The exception to the above is warfare. In war, the rules about counterattack -- and preemptive attack -- are different. In war, attack and defense are so jumbled up that counterattack is the norm. In war, the difference between an offensive weapon and a defensive weapon is the direction it's pointing. But that's not what we're talking about here.

Counterattack is wrong, both legally and morally. Vigilante justice is wrong, both legally and morally. Victims of attack are allowed to defend themselves, but they're not allowed to take the law into their own hands and attack back. That's why we have police.

None of this is new or controversial, so why are copyright holders even talking about this? This bill would make it legal for the MPAA, the RIAA, and its ilk to break into computer systems they suspect (with no standard of evidence) are guilty of copyright infringement. It will allow them to perform denial-of-service attacks against peer-to-peer networks, release viruses that disable systems and software, and violate everyone's privacy. People they choose to target would be deemed guilty until proven otherwise. In short, this bill would set up the entertainment industry as a Gestapo-like enforcement agency with no oversight.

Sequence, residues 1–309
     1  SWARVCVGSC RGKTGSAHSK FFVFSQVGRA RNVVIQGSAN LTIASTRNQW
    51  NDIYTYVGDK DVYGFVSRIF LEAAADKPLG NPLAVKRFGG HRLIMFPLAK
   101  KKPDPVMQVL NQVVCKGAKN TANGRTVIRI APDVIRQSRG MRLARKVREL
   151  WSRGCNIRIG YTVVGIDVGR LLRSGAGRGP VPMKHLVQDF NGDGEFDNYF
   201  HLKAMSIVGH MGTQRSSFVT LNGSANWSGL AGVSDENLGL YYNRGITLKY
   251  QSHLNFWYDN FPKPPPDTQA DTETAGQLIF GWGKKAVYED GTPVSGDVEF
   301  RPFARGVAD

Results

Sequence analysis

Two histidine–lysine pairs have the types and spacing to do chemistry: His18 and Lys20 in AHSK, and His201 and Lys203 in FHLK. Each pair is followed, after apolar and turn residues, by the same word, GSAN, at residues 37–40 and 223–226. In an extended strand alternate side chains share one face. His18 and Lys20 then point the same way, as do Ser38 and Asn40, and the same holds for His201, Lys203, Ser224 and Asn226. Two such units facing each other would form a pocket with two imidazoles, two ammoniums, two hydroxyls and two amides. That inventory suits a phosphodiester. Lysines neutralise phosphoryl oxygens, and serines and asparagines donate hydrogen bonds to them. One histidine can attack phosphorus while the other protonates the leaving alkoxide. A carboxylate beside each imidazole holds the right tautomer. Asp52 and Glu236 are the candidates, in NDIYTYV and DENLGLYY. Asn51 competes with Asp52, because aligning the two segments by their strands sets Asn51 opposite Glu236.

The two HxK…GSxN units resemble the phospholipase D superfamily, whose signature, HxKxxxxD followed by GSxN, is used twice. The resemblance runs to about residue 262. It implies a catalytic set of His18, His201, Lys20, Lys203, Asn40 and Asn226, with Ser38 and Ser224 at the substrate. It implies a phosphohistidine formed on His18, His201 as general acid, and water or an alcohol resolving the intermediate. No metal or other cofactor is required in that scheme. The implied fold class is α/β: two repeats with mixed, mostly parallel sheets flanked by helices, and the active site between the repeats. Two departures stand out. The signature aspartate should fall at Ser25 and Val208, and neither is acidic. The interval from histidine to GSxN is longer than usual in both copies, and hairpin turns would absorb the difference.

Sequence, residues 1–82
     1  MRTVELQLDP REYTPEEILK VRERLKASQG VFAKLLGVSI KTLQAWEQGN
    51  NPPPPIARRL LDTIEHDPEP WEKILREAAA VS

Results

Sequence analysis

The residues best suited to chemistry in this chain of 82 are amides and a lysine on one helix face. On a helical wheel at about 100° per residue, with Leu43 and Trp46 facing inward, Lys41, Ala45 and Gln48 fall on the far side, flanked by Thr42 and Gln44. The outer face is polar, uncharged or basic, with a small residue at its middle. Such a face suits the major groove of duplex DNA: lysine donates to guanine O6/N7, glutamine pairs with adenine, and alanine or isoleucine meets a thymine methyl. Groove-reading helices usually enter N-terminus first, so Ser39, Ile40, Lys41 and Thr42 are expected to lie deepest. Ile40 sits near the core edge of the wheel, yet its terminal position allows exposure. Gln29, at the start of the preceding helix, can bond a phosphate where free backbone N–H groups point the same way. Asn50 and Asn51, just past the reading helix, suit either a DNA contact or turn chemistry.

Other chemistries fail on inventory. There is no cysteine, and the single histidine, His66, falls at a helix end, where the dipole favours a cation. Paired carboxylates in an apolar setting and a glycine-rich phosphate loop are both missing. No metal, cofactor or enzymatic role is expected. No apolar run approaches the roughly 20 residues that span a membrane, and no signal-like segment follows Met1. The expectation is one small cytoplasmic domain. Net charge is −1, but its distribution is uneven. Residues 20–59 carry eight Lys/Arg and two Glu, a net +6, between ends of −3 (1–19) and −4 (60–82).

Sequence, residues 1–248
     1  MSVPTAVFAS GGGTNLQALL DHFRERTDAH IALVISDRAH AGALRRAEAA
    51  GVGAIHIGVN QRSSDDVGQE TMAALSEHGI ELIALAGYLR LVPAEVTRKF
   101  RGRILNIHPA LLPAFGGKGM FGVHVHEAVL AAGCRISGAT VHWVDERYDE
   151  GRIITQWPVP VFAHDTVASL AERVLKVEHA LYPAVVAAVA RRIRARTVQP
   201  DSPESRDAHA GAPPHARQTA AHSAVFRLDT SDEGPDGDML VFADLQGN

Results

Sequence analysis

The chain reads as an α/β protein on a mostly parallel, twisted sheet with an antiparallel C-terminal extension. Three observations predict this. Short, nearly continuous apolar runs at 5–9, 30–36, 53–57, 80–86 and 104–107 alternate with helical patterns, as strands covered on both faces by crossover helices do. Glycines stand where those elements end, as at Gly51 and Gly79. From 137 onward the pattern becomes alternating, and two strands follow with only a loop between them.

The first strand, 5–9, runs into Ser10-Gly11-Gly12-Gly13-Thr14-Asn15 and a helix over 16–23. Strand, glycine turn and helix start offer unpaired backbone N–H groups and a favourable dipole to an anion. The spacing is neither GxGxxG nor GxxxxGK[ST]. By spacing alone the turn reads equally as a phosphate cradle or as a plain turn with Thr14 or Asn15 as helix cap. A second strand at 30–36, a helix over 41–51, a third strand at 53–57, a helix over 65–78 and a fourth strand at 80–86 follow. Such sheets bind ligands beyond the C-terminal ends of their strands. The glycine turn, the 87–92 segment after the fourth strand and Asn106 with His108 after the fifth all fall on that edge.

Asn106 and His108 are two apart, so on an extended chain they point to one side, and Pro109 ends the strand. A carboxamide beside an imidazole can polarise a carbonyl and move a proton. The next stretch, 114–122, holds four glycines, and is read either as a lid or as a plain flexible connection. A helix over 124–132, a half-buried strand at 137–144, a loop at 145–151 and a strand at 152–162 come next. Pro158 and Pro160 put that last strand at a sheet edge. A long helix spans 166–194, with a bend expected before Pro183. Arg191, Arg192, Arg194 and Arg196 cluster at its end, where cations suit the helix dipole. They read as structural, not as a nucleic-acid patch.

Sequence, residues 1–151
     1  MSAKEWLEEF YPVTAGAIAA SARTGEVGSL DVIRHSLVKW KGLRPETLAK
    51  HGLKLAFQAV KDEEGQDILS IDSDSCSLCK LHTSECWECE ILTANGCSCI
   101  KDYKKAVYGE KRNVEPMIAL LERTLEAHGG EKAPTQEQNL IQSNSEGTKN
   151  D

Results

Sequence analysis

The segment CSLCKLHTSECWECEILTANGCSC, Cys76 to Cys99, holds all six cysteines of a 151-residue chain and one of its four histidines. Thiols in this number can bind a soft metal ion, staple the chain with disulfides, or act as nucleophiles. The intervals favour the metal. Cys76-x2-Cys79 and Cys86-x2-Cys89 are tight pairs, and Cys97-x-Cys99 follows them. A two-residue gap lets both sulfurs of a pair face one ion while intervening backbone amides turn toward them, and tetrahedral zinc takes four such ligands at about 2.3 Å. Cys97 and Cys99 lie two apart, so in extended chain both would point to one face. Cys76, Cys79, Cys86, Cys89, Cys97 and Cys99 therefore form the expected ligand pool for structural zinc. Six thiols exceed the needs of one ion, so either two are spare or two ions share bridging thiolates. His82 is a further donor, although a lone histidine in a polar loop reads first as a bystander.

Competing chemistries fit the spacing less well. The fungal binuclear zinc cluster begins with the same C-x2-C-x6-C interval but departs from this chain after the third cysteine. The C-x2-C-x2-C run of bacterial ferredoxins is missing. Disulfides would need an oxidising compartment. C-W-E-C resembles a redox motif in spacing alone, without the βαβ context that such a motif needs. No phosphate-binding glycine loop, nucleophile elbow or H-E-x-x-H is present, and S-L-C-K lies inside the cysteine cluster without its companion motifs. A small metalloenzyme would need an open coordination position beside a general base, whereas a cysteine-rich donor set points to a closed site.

To me, it's another example of the insane lengths the entertainment companies are willing to go to preserve their business models. They're willing to destroy your privacy, have general-purpose computers declared illegal, and exercise special vigilante police powers that no one else has...just to make sure that no one watches "The Little Mermaid" without paying for it. They're trying to invent a new crime: interference with a business model.

Sad, really.